GENGA. II. GPU Planetary N-body Simulations with Non-Newtonian Forces and High Number of Particles
- Journal Article
Rights / licenseCreative Commons Attribution 4.0 International
We present recent updates and improvements of the graphical processing unit (GPU) N-body code GENGA. Modern state-of-the-art simulations of planet formation require the use of a very high number of particles to accurately resolve planetary growth and to quantify the effect of dynamical friction. At present the practical upper limit is in the range of 30,000-60,000 fully interactive particles; possibly a little more on the latest GPU devices. While the original hybrid symplectic integration method has difficulties to scale up to these numbers, we have improved the integration method by (i) introducing higher level changeover functions and (ii) code improvements to better use the most recent GPU hardware efficiently for such large simulations. We added treatments of non-Newtonian forces such as general relativity, tidal interaction, rotational deformation, the Yarkovsky effect, and Poynting-Robertson drag, as well as a new model to treat virtual collisions of small bodies in the solar system. We added new tools to GENGA, such as semi-active test particles that feel more massive bodies but not each other, a more accurate collision handling and a real-time openGL visualization. We present example simulations, including a 1.5 billion year terrestrial planet formation simulation that initially started with 65,536 particles, a 3.5 billion year simulation without gas giants starting with 32,768 particles, the evolution of asteroid fragments in the solar system, and the planetesimal accretion of a growing Jupiter simulation. GENGA runs on modern NVIDIA and AMD GPUs. Show more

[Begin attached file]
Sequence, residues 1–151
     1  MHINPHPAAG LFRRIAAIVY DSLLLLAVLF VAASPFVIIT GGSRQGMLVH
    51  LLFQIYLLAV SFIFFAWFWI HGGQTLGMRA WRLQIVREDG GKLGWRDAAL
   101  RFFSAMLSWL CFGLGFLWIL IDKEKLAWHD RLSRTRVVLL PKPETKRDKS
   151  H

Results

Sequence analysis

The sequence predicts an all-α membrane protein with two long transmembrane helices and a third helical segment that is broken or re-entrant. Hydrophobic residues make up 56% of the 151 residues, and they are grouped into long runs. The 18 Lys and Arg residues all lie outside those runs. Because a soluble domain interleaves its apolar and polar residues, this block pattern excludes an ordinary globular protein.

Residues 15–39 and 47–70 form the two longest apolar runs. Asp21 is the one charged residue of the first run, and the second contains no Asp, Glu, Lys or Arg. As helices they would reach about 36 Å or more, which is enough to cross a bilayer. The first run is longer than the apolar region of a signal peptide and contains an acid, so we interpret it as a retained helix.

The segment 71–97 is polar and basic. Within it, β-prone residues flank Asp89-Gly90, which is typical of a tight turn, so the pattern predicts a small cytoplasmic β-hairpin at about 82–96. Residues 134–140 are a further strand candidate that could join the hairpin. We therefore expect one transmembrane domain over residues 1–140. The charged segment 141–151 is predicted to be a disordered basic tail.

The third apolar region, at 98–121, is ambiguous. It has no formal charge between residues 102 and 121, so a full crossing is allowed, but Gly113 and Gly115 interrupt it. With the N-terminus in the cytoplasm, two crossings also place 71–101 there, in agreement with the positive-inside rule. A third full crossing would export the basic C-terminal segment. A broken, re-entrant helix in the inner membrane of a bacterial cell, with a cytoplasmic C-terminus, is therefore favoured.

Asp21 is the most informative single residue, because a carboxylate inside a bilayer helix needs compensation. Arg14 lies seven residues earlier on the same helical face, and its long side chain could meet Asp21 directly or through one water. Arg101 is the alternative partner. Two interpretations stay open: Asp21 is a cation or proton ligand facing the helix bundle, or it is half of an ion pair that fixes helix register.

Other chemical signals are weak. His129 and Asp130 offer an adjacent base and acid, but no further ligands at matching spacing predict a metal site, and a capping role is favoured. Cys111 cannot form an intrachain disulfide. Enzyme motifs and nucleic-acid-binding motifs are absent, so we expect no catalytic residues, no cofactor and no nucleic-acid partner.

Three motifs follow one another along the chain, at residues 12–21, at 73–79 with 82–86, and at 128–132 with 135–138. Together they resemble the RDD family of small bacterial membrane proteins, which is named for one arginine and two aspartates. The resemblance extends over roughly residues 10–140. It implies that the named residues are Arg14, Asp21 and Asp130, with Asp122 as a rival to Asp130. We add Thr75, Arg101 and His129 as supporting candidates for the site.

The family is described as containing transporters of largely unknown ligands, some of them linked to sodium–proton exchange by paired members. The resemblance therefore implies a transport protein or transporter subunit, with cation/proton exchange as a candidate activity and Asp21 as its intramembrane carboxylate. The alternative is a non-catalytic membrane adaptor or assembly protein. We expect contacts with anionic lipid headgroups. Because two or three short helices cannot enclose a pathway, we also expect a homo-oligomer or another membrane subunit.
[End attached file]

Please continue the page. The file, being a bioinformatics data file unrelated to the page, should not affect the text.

Journal / seriesThe Astrophysical Journal
Pages / Article No.
SubjectCelestial mechanics; N-body simulations; Planet formation; Solar system formation; GPU computing; Computational methods; Asteroid dynamics; N-body problem
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